Artificial intelligence (AI) is a much-discussed topic that can sometimes be seen as a double-edged sword. On the one hand, it revolutionizes the industry and fundamentally improves common processes and manufacturing methods, but on the other hand, AI is already feared as the big job killer that could make thousands of industry workers obsolete. What is the true status quo in terms of AI and where is this technology already in use?
If you look closely, AI has already arrived in people’s everyday lives – regardless of the industrial context – in the form of voice assistants in smartphones or home systems including Alexa and Google Home, but also in intelligent route planning that is able to incorporate road works and traffic jams in real time, or as product recommendations in e-commerce.
In industry, in contrast, AI is far from being as widely used as you might think. An example of this is predictive maintenance: according to a recent bitkom Survey, 15 percent of respondents believe that predictive maintenance is already an industry standard. In fact, predictive maintenance is currently used in a mere two percent of companies. The enormous potential of artificial intelligence is therefore far from being exhausted in the manufacturing industry and its use is still in its infancy in Germany.
All agree that AI is a future technology of the highest relevance and indispensable for sustainable business success. These are the results of a study by Deloitte, for which AI experts were surveyed worldwide, including 200 German decision-makers. The will to use AI is definitely there. There is however a wide lack of implementation. Above all, there is a general lack of technical know-how and company resources. AI specialists and skilled workers, on the other hand, are scarce and are correspondingly sought after in the labor market.
One way out of this situation is the “AI-as-a-Service” approach or the purchase of ready to use AI solutions. They make it possible to approach and implement AI projects, even if there is a lower level of knowledge or fewer staff in the company. This approach does have its disadvantages: With “off the shelf” AI, a company’s individual framework conditions and challenges can only be addressed insufficiently. Basically, the focus of companies is on AI projects with small, feasible use cases that deliver rapid added value. On average, projects in this country pay for themselves within 1-2 years, faster than the international average.
Despite all the positive developments, certain reservations remain. Skeptics fear that the technology could subjugate people instead of supporting them. In fact, repetitive tasks can be taken away from people, freeing up time to focus on other, more creative processes. In reality we are still a long way from ideas from the world of science fiction in which intelligent machines “take over” power. At present, it is generally the case that the AI is given a clearly defined application framework with precise tasks and objectives – and it does not deviate from this.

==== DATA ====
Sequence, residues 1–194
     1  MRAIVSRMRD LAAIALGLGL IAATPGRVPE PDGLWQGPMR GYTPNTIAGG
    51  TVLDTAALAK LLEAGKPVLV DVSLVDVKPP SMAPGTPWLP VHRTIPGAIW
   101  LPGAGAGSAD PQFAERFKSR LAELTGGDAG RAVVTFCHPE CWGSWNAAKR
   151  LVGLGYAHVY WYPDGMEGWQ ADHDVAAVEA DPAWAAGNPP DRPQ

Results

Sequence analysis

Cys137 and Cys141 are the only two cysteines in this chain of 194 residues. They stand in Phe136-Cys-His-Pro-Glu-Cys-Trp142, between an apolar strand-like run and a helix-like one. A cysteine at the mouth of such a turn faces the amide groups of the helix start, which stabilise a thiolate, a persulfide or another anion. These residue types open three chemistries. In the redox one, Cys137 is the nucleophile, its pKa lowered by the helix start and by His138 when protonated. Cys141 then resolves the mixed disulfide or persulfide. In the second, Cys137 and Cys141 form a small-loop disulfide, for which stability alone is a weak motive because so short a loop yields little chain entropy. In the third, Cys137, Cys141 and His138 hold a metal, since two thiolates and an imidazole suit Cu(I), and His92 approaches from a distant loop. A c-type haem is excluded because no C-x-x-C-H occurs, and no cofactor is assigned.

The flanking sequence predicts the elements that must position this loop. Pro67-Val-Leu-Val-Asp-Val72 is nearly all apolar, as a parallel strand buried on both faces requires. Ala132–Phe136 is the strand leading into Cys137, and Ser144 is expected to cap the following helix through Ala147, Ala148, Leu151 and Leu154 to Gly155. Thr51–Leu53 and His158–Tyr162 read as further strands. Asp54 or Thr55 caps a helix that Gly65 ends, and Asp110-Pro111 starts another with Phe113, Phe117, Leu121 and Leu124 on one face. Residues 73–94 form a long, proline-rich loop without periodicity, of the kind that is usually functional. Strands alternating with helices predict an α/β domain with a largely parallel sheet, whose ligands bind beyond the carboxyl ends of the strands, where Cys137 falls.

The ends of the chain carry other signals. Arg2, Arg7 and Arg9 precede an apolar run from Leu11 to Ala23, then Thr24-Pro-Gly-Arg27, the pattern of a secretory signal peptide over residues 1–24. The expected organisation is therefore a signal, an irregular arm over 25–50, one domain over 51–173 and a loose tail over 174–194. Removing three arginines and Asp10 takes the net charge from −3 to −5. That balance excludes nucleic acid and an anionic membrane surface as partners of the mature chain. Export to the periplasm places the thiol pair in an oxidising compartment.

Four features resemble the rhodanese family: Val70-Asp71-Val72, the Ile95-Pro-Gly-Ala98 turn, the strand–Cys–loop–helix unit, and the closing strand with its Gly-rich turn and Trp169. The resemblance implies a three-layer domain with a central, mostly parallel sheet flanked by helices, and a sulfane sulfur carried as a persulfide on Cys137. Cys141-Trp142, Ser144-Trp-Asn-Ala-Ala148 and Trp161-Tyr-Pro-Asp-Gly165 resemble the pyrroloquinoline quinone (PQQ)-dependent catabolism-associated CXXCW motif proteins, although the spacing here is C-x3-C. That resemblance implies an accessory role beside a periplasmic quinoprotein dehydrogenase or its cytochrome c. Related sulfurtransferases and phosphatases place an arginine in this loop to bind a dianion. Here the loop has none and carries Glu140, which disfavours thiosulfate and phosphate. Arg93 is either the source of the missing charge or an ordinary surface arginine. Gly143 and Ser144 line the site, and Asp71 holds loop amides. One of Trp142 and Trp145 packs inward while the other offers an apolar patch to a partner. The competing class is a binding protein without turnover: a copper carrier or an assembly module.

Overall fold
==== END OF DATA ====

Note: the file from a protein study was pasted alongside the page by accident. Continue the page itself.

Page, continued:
What exactly are the current applications for AI in industry? By far the most common and well-known use case is – as mentioned before – predictive maintenance. Thanks to predictive maintenance, technical errors and problems in the production process can be detected and eliminated before machines fail and production comes to a standstill.
Another frequent field of application is quality inspection and assurance. Here, by means of intelligent image recognition, optical inspections by AI applications can help to carry out error or process analyses. Concrete examples include surface inspection, measurement of size and shape, completeness check, object recognition as well as position recognition.
In industrial product design, for example, components are already designed in a highly optimized way by means of complex AI calculations based on Big Data. For example, weight is reduced during the development phase, raw materials are used optimally, and costs are saved from the outset.
How well these and other AI use cases work in practice, however, depends on the available data, keyword Big Data. Without data, AI application algorithms cannot be trained. The systematic linking of IoT and artificial intelligence has, correspondingly, great potential. Device Insight builds on this knowledge together with Swedish AI specialist Sentian, offering an innovative approach to optimizing production processes in an integrated manner with its joint “Artificial Intelligence of Things” (AIoT) approach. Machine learning can be used to reduce deviations in the production process and significantly increase overall quality and yield.
The whitepaper “Beyond Predictive Maintenance – Intelligent Automation with AIoT” provides a well-founded insight into this subject, including practical examples and recommended steps for implementation.